Before you take another bite out of that organic apple, here’s something to sink your teeth into. The word “organic” might not be able to live up to your expectations. Experts warn that tossing aside produce from your diet because of perceived pesticide exposure isn’t a good idea and can affect your health.
“The worst thing consumers can do is to reduce their consumption of fruits, vegetables, and whole grains due to their concerns regarding pesticide residues,” said Carl Winter, Ph.D., with the University of California, Davis Food Science and Technology Department.
Winter has published several research studies with other scientists demonstrating no difference in potential health risks to consumers who eat conventional produce compared to those who eat organic produce.
Winter has been critical of lists like Environmental Working Group’s (EWG) Dirty Dozen list that gives conventional produce like spinach and kale a bad rap for having too many pesticides. The lists are based on test results from the U.S. Department of Agriculture and the Food and Drug Administration. Winter argues that government pesticide monitoring on produce focuses primarily on the percentages of samples containing pesticide residues and the numbers of pesticides identified on the samples instead of the potency of chemicals found that can be considered dangerous for human consumption.
According to Winter, there are three critical components to assess the risk of dietary pesticides.
- The amounts of residues found.
- The toxicity of the pesticides.
- The number of food items consumed.
“The EWG methodology addresses NONE of these components and therefore does not provide any scientifically-defensible evidence of the risks posed by pesticides in foods,” said Winter.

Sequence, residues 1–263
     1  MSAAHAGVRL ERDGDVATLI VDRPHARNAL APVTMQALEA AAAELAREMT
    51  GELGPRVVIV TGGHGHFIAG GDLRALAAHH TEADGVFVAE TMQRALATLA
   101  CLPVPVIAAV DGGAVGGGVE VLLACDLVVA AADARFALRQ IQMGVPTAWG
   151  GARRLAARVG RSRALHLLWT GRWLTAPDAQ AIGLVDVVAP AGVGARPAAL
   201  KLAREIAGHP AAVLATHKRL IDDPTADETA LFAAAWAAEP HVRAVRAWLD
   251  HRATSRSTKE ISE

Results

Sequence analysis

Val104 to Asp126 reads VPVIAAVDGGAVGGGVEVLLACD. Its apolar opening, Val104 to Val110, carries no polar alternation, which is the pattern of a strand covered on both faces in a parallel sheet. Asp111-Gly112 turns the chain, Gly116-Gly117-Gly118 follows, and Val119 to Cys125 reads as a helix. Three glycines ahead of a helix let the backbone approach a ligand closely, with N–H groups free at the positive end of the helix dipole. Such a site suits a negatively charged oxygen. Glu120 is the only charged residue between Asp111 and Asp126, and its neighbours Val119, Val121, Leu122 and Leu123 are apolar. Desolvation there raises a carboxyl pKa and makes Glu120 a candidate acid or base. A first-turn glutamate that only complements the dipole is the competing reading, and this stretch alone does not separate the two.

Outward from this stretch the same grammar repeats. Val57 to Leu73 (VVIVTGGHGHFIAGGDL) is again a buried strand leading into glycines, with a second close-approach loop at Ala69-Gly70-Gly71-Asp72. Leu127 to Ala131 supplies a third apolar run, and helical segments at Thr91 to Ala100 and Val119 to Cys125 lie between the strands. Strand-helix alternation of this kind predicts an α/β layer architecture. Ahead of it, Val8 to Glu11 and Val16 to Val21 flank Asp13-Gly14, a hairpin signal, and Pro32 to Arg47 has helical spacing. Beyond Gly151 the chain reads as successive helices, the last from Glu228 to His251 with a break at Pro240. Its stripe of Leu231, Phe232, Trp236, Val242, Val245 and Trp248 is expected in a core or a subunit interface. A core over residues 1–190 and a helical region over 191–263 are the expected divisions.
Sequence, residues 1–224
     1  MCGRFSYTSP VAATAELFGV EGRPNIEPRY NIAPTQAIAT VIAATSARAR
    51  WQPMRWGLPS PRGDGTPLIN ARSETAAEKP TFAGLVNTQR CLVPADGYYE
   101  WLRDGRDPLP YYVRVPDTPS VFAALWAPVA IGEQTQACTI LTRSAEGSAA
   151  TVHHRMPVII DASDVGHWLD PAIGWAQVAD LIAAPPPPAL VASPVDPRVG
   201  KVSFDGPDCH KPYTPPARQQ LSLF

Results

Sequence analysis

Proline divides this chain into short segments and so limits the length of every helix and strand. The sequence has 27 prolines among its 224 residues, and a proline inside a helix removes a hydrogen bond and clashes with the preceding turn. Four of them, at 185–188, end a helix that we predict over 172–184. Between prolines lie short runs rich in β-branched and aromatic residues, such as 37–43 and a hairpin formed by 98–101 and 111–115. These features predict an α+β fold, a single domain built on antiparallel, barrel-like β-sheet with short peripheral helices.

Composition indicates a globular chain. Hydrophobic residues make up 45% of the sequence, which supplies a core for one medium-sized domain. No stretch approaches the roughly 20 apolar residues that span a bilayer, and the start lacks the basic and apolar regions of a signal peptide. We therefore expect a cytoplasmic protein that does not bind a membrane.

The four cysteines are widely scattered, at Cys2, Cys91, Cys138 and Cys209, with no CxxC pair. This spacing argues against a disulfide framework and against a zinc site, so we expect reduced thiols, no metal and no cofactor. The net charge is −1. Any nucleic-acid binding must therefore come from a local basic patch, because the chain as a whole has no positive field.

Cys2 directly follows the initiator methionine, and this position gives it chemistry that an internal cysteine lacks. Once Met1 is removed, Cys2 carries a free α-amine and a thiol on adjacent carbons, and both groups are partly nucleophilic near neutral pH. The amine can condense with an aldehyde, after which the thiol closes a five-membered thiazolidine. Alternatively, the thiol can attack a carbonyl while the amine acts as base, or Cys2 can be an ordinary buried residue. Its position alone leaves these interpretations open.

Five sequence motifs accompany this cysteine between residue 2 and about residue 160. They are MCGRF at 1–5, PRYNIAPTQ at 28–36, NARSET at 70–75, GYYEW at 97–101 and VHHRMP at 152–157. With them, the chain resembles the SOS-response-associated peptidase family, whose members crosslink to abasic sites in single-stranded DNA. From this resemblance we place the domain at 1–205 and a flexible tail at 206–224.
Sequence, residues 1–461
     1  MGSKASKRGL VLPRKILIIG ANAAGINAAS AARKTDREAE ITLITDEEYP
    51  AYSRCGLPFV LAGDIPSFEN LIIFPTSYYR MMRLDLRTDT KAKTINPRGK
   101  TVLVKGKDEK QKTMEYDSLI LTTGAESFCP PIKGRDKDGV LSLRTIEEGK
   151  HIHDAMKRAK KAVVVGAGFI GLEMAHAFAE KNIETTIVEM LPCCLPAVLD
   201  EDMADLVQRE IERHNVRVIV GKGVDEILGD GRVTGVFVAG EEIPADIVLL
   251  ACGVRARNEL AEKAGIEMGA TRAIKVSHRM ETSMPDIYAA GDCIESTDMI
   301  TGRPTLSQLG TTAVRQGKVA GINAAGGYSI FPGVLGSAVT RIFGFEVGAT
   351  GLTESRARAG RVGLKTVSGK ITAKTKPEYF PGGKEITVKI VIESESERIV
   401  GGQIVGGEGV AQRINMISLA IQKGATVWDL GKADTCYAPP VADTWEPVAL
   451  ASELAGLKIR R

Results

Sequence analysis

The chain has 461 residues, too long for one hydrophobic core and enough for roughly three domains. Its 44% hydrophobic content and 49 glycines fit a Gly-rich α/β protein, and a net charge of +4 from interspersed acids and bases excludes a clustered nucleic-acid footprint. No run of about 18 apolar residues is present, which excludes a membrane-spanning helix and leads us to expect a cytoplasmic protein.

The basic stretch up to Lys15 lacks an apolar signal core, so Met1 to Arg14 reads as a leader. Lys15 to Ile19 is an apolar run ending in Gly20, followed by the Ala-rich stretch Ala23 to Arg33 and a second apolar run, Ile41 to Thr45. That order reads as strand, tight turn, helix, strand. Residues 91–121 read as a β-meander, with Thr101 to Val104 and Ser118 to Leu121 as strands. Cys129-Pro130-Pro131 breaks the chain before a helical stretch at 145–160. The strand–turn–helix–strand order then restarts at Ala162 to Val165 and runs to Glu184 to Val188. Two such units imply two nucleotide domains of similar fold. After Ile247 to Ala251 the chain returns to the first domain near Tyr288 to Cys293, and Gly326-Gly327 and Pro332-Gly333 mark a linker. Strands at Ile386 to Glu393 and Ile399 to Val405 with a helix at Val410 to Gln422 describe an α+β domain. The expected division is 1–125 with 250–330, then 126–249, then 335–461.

The U.S. Environmental Protection Agency (EPA) sets the levels of pesticide residues allowed on foods. In Winter’s most recent research, he found that tolerance levels are set far lower than safety concerns with pesticide residues. In another publication, he concluded that typical daily consumption is often at least one million times lower than levels that don’t cause noticeable effects in lab animal tests.
For organic farmers, the first line of defense against pests must be prevention. Organic farmers are required to maintain healthy soil, rotate crops, and use enemy insects to fight off pests. If those efforts fail and organic farmers face losing a big crop, they may use pesticides.
What? Organic farmers use pesticides? Yes, they do, natural ones and synthetic ones. Some can even farm plants that were started on conventional soil pumped full of fumigants and pesticides. Wait now, before you give up on organics, it’s good to know what exactly is on the food you’re eating.
Organic farmers may use synthetic pesticides when there is no other natural substitute that can target a vulnerable plant. The Electronic Code of Federal Regulations website has a list of approved and prohibited synthetic and natural substances for organic farmers. Copper sulfate, a synthetic pesticide, is on the approved list for organic farming. The USDA determined it safe for human health. Although copper can be dangerous if it accumulates in the body, remember, it’s the amount and potency you’re exposed to and how much you ingest that matters.
“Our typical exposure to both conventional and organically-approved pesticides in food is well below levels of concern,” said Winter. “Risk assessments for both conventional and organic produce indicate that the potential health risks to consumers are infinitesimal.”
If you’re avoiding produce altogether because you can’t afford organic and are concerned about pesticide exposure, Winter suggests considering the health benefits gained by consuming any type of produce, even if it’s conventional. “Decreasing cancer risk and the risk of heart disease, far outweigh the infinitesimal risks posed by pesticide residues,” Winters said.
If you wish to speak with your healthcare provider about the risks and benefits of eating conventional or organic produce, be sure to check their license by utilizing the California Department of Consumer Affairs’ search tool at search.dca.ca.gov.